Without taxes the government could not pay its debt. Seven of the thirteen states printed large quantities of its own paper money, backed by gold, land, or nothing, so there was no fair exchange rate among them. State courts required state creditors to accept payments at face value with a fraction of real purchase power. The same legislation that these states used to wipe out the Revolutionary debt to patriots was used to pay off promised veteran pensions. The measures were popular because they helped both small farmers and plantation owners pay off their debts. 
The Massachusetts legislature was one of the five against paper money. It imposed a tightly limited currency and high taxes. Without paper money veterans without cash lost their farms for back taxes. This triggered Shays' Rebellion to stop tax collectors and close the courts. Troops quickly suppressed the rebellion, but nationalists like George Washington warned, "There are combustibles in every state which a spark might set fire to."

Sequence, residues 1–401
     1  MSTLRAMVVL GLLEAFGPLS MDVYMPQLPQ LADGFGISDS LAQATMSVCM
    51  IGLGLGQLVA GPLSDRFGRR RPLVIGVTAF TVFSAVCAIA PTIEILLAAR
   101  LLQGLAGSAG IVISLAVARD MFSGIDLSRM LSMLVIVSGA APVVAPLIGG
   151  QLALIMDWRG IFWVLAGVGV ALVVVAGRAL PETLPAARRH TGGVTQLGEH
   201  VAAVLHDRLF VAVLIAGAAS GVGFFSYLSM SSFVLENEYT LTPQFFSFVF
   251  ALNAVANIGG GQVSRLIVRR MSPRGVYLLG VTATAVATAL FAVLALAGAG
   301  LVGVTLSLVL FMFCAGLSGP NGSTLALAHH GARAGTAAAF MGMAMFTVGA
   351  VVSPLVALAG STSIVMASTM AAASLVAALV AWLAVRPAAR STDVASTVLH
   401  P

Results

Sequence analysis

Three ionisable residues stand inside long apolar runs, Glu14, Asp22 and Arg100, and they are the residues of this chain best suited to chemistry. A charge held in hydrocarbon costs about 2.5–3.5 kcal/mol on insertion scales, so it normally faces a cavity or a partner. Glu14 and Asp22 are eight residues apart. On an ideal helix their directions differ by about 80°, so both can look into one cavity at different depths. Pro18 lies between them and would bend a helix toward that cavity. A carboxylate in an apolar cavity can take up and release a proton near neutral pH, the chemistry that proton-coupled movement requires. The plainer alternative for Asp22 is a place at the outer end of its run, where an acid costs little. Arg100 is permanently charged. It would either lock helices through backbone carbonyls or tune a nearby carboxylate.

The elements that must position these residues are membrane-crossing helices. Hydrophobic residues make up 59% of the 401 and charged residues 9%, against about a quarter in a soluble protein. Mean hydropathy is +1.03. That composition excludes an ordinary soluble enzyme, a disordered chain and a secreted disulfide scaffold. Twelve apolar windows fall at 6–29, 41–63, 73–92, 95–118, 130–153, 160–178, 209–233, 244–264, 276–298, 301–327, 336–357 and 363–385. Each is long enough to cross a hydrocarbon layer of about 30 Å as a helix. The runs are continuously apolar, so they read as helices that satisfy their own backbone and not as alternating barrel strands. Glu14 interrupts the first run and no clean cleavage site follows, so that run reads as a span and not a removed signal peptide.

Mount Vernon Conference Edit
An important milestone in interstate cooperation outside the framework of the Articles of Confederation occurred in March 1785, when delegates representing Maryland and Virginia met in Virginia, to address navigational rights in the states's common waterways.  [a] On March 28, 1785, the group drew up a thirteen-point proposal to govern the two states' rights on the Potomac River, Pocomoke River, and Chesapeake Bay.  Known as the Mount Vernon Compact (formally titled the "Compact of 1785"),  this agreement not only covered tidewater navigation but also extended to issues such as toll duties, commerce regulations, fishing rights, and debt collection.  Ratified by the legislatures of both states, the compact, which is still in force, helped set a precedent for later meetings between states for discussions into areas of mutual concern.  [b]